Future 42 and Americans for Prosperity-Washington State set gas prices at $3.82 for two hours at a Kent gas station to protest the cap-and-disinvestment program.
KENT, Wash. – Gasoline prices across Washington state are averaging $5.05.
When prices started to rise in early summer, one expert told KING 5 there were a few main reasons for that: supply and demand along with more expensive summer-blend gasoline. However, two groups support conservative policies, Future 42 And Americans for Prosperity-WA (AFP-WA) blames Washington cap and investment program.
The cap and investment stem from a law passed in 2021, the Climate Commitment Act (CCA), which forces the state’s biggest polluters to pay for the carbon emissions they emit .
RELATED: Inslee signs ambitious environmental protection law for Washington state
Governor Inslee’s office sent out a statement regarding high gas prices, reading in part:
“Gas prices are largely driven by supply and demand. Fossil fuel companies have announced that they will pass on CCA ‘compliance costs’ to consumers, but there is little transparency about how they will calculate these impacts and why they choose to pass them on to consumers at the pump when these companies are attracting drivers.
These same global companies are achieving record profits year after year, but some companies like Chevron say Washington’s law alone would ‘bankrupt’ them if they didn’t charge consumers. That’s why Governor Inslee and lawmakers are proposing price transparency legislation in 2024 to address rising prices at the pump.”
Future 42 and AFP-WA have several ways they are trying to repeal the CCA: ballot initiatives, lawsuits, and asking people to talk to their lawmakers about repealing it. To make their point, the groups teamed up with a local petrol station in Kent for two hours on Wednesday morning. They cut gas prices to $3.82, 2 cents cheaper than the national average of $3.84
Even though this was a partisan event, gas tankers were happy for the relief; A total of 200 vehicles were filled.
Emily Velazco graduated from high school this year. When KING 5 asked her why she went there to get gas, she said, “Honestly, my mom just told me to wake up and go buy cheap gas.”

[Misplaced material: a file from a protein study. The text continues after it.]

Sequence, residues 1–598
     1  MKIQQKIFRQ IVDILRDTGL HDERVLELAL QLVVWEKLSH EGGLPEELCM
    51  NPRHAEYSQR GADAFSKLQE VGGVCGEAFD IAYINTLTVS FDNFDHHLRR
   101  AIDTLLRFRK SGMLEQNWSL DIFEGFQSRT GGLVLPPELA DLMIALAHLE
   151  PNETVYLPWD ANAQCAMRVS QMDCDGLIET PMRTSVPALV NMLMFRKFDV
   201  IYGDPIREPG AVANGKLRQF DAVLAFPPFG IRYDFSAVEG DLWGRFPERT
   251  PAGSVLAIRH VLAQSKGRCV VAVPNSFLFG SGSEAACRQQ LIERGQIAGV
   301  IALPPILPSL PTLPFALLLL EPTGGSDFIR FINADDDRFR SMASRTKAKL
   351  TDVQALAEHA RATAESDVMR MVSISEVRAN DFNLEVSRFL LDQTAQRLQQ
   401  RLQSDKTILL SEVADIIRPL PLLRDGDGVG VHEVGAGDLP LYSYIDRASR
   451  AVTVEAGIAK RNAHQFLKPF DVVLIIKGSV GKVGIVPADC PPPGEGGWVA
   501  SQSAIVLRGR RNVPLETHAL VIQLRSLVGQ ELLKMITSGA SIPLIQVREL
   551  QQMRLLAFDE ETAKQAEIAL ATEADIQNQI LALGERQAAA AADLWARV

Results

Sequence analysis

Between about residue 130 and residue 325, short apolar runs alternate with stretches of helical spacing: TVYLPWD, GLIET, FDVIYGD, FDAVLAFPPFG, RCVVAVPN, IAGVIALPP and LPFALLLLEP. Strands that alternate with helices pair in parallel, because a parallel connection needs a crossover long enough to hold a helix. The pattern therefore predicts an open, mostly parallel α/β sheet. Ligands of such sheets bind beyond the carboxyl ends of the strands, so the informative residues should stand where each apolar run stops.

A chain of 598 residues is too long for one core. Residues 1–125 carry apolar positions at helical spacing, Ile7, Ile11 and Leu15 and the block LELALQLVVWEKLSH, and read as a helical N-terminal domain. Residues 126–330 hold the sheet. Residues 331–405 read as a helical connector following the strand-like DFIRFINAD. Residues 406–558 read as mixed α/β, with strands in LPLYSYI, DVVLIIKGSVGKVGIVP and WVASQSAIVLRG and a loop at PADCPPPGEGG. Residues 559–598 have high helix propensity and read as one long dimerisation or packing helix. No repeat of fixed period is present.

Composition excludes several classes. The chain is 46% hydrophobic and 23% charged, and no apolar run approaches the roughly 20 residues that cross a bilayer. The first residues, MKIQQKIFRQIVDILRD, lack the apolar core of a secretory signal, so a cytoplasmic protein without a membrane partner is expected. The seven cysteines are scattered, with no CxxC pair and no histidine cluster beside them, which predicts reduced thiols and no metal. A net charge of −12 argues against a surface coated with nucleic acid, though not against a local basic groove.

At age 18, Velazco said many of the decisions she made were centered around gas costs, like work and deciding whether she wanted her own place. She says it’s hard to be a young person in 2023 when everything is so expensive.
Jennifer Anderson said she loves living in Washington and sees all the state parks and trails as an added benefit. However, gas prices have made her think twice about going out for a hike. “It’s starting to really make a difference, especially with the price recently going up over $5,” Anderson said.
Anderson added that she is currently filling up gas for her children who are about to learn to drive. She wants to buy an electric car, but can’t afford it right now. Anderson hopes the price of electric cars will decrease in the future so that more people won’t have to rely on fuel-powered vehicles.
The Washington Department of Ecology, which is overseeing the cap and investment program, sent KING 5 the following statement regarding its connection to current gas prices.
“When it comes to gas prices, regulations like the CCA play a role, but most of the price increases we’ve seen in Washington since January 1, 2023, have come from elsewhere. We know that’s because Oregon, which gets almost all of its fuel from Washington refineries but doesn’t have policies like the cap-and-invest program in place, has seen roughly the same price increase identical this spring and summer – albeit from a lower starting point.”